Only 32% of employees throughout the world say they are thriving, and 43% report high levels of daily stress, according to Harvard Business Review. Some reports suggest up to 61% of U.S. workers feel they are burning out at any moment in time, and those who are stressed out at work are more than three times as likely to look for a new job.
Employers increasingly are offering benefits such as virtual mental health support, spontaneous days off, meeting-free days and flexible work schedules. However, it is important you know what works to help you truly recover from stress, which involves restoring symptoms of work stress (such as anxiety) back to pre-stressor levels.
Harvard Business Review offers the following five ways to make recovery work for you.
Detach psychologically from work. Research shows even thinking about work detracts from your ability to recover from it, and the simple presence of your mobile phone distracts you. Dedicate a fixed time each day when you can fully devote attention to a nonwork-related activity. Learn which triggers, such as your phone, prevent you from psychologically detaching from work.
Take micro-breaks during the workday. Ten-minute breaks taken during the workday can be surprisingly effective for recovering from daily work stress. You could use the time to meditate, eat a snack or have a nonwork-related conversation with a co-worker. Micro-breaks taken earlier in the workday reportedly contribute to greater recovery.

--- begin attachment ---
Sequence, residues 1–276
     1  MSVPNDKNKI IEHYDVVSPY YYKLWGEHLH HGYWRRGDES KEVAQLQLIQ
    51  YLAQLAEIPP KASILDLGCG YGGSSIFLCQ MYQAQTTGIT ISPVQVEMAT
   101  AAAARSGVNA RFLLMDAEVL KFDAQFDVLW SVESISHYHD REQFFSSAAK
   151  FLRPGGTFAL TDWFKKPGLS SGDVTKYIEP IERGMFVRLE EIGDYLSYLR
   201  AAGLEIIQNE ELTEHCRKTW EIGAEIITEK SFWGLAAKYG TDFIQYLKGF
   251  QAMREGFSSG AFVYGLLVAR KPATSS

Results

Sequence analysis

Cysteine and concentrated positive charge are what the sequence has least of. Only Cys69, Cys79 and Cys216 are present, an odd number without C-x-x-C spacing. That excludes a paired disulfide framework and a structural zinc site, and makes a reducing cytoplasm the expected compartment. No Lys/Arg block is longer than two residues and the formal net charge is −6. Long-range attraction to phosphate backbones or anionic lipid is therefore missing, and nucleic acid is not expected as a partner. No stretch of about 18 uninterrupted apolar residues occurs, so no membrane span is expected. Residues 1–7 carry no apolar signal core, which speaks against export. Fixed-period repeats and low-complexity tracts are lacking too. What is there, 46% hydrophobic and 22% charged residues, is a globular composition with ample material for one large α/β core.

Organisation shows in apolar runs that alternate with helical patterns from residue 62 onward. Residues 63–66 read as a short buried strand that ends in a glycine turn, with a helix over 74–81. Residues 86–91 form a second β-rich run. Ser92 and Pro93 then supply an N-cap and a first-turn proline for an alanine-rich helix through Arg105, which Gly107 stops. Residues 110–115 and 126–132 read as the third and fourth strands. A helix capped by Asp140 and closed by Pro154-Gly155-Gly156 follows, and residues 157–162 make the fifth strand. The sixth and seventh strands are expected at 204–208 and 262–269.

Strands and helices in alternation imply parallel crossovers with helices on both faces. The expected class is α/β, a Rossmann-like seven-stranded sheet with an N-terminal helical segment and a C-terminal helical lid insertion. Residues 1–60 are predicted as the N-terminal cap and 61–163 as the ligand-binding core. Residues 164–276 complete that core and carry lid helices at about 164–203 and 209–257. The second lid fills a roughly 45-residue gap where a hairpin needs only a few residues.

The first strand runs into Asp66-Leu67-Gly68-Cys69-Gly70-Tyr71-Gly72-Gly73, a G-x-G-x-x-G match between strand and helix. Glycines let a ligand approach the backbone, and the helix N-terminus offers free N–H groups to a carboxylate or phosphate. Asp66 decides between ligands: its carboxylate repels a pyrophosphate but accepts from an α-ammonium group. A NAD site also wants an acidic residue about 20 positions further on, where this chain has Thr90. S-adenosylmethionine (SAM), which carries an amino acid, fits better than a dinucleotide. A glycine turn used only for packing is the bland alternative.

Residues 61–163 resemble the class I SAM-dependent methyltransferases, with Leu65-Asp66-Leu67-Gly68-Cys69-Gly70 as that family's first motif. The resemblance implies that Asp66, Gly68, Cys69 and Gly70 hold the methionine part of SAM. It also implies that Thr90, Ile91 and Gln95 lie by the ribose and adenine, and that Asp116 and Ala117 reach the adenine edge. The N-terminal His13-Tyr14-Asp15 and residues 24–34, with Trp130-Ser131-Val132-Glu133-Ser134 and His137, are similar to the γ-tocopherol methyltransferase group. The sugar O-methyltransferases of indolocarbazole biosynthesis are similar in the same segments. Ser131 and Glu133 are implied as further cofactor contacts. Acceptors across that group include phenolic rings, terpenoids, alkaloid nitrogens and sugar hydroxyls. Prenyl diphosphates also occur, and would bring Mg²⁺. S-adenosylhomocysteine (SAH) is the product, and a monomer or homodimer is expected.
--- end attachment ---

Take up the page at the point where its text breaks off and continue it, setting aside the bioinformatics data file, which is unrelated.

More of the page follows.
Consider your preference for recovery activity. Some people may feel pressured into going to a group exercise class or participating in a company activity during the weekend when they want to be home with their families. Not having a choice in your own recovery can sometimes do more harm than good. If you feel pressured to relax in a certain way, talk to your boss about how you can gain more autonomy to do recovery activities you prefer.
Prioritize high-effort recovery activities. Research shows exercise can be even more effective for recovery. If you do not enjoy going to the gym or playing team sports, you can try a fast walk, a hike or a swim. Other activities that can work well for recovery are “mastery experiences” that require high levels of dedication, such as learning a new language or how to play an instrument.
Shape your environment for optimal recovery. Being exposed to nature at work contributes positively to well-being and lowers the risk of burnout. Some companies are building exposure to natural elements into the workplace, such as park walks during lunch breaks. Exposure to daylight, having a window view or indoor greenery at the workplace have been shown to have a favorable effect on sleep quality, perceived stress and overall health. Even indirect exposure to nature—such as looking at nature scenes on a screen—can have recovery benefits.